Patriots take home Lombardi trophy—but who won the retail battle?

Derrick Cline | Feb 7, 2019 Derrick Cline 02/07/19

While the halftime performance and big-budget commercials drew mixed reviews, nearly everyone can agree that the game itself, though still technically football, was pretty lackluster. If you’re anything like me, your thoughts may have even started wandering at some points, turning instead to more interesting matters—like how consumer behaviors vary across fanbases in established markets compared to newly relocated teams.

With reports that the Rams sold a year’s worth of gear online in the 10 days following their NFC Championship win, we decided to see how each team fared with brick-and-mortar retailers in their respective markets. Using SMG’s market intelligence tool BrandGeek®—the fastest, most accurate source of behavioral data linked to customer feedback in real time—we looked at foot traffic and customer experience (CX) metrics for sporting goods retailers in Boston and Los Angeles.

Here’s what we saw:

Traffic (the good kind) spiked in L.A., but dropped in Boston

After moving back to L.A. in 2016 following a 22-year stint in St. Louis, the Rams franchise continues to re-find its footing with fans—and nothing helps regain regional loyalty more than winning. L.A. residents were happy to reward the team’s early success, as we saw a 12% increase in visits to sporting goods retailers in January 2019 compared to January 2018. Meanwhile, sporting goods visits in Boston dropped off compared to last year, as Patriots fans seemed content to wear whatever they had purchased during one of the team’s other 9 Super Bowl appearances over the last 17 years.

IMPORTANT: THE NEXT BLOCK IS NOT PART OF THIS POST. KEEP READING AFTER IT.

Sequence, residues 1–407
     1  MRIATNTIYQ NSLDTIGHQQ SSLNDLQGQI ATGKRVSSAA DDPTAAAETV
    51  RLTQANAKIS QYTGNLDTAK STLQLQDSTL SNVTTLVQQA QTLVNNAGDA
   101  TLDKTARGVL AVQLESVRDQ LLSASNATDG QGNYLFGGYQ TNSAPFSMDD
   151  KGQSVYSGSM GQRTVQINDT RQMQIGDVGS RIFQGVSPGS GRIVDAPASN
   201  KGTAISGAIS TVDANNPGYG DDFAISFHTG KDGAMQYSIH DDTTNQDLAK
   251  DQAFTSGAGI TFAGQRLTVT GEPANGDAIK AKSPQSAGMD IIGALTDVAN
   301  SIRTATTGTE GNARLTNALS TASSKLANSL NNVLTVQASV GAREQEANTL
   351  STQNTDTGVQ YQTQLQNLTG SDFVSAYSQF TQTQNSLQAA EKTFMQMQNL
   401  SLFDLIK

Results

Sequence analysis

sporting goods store visits in LA

L.A. saw a jump in trips driven by advertising + promotions

While winning brings fans on board, there are a variety of factors that actually get customers into the stores. The BrandGeek data showed a jump in L.A. customers citing Advertising and Coupons/Promotions as the primary reason for visit throughout the month of January, with experiential factors like Previous Positive Experience and Selection of Merchandise being mentioned less frequently.

Meanwhile, in Boston, we saw the opposite: a decrease in customers motivated by Advertising and Coupons/Promotions and an uptick in customers citing Location Convenience and Selection of Merchandise. Again, the Patriots’ dominance over the past 2 decades might have something to do with that, with customers shopping their neighborhood store for a novel item to add to their growing Super Bowl wardrobes instead of eagerly seeking out advertised deals.

With traffic up, CX measures took a hit—but purchase conversion rates held steady

One of the biggest surprises in the data was the drop-off in CX scores across the board for the L.A. market. While most measures scored lower, the biggest decrease was in Overall Value—which dropped by 14 ppts compared to January 2018. This was especially surprising given the increase in customers citing Coupon/Promotion as their primary reason for visiting in the first place. Fortunately for retailers, the less-than-stellar customer experience didn’t hurt sales, as the BrandGeek data showed purchase conversion rates held steady in both L.A. and Boston.

LA sporting goods CX scores

Taking solace in sales

The actual game may have been a letdown, but the data shows growing support for the Rams in the Los Angeles market. While retailers benefitted from increased sales, it’s clear they’ll have to up their game when it comes to the customer experience if they want to turn loyal fans into loyal customers.

To learn more about BrandGeek and how we got the data, check out our short video here.

Derrick Cline | Consumer Insights Manager

Customer Experience Update